"The consolidated order, marked `A' above, reads as follows:`John Mahan. Order No. 192. Lancaster, Oct. 24, 1900. Robert Buist Co., Philadelphia, Pa. Order X sheet. Onion sets: Bbls. Price per bush. Yellow or red ............. 5 ..................... 2 25 White or silver skin ...... 3 ..................... 2 75 Seed potatoes: Bbls. Price. Houlton Maine Rose ........ 50 ..................... 2 65 Bliss Triumph ............. 40 ..................... 2 75 Breeses Peerless .......... 25 ..................... 2 65 Early Goodrich ............ 10 ..................... 2 65 One bu. red val. beans, at 3.40. Signature, Lancaster Mercantile Co., Lancaster, S.C. Ship Feb. 1st.'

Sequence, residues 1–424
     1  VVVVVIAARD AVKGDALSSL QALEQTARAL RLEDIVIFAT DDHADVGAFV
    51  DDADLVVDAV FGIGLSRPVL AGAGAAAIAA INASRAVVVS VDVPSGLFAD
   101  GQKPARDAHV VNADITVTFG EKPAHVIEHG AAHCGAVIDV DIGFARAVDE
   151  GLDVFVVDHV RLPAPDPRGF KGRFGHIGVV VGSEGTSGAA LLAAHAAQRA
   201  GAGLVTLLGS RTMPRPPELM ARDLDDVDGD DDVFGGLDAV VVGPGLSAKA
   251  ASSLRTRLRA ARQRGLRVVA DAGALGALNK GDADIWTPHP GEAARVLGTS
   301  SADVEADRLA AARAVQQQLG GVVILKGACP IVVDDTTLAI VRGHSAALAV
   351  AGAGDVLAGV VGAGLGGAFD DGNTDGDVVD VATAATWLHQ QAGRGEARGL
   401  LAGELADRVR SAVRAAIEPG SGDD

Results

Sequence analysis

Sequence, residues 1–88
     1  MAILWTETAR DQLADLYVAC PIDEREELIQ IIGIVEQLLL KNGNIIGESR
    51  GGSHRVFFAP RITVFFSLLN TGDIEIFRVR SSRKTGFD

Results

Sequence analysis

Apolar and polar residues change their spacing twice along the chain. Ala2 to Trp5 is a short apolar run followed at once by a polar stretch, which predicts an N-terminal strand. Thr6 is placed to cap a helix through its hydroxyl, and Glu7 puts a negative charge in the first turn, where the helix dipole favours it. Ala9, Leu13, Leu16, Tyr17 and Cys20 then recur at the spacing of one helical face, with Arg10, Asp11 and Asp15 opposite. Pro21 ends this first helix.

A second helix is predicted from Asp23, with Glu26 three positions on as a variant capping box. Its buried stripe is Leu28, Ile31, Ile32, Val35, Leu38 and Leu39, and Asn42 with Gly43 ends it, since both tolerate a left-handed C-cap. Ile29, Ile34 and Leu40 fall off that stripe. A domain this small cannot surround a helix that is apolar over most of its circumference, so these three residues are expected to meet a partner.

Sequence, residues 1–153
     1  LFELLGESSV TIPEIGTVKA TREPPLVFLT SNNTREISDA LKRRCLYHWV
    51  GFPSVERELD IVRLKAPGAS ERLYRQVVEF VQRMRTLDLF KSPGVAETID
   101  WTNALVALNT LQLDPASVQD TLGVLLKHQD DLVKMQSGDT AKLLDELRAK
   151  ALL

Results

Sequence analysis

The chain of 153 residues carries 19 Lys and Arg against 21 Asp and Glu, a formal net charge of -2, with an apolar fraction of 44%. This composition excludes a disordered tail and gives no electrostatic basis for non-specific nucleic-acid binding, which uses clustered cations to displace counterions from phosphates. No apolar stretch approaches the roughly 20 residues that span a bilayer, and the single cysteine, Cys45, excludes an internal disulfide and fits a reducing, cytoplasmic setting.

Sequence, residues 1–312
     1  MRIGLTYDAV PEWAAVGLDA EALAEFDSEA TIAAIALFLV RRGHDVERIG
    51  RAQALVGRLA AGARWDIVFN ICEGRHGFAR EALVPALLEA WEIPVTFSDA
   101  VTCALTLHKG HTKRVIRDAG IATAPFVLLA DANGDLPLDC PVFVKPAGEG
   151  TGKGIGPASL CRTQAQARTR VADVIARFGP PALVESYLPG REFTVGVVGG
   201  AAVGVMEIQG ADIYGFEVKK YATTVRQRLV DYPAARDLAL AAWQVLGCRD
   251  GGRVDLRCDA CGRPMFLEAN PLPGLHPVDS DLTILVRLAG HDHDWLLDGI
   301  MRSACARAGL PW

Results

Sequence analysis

"`This order is absolute and not subject to countermand, but subject to any decline occurring on eastern grown stock to date of shipment.' I had to cut to get order. Confirm same if accepted."
The letter marked "B" reads as follows, to wit: "Philadelphia, Pa., Nov. 2d 1900. "Lancaster Mercantile Co., Lancaster, S.C.
"Gentlemen: We are in receipt of your valued order through our Mr. Mahan, which we accept, and will forward at the proper time as agreed.
"Yours very truly, Robert Buist Co."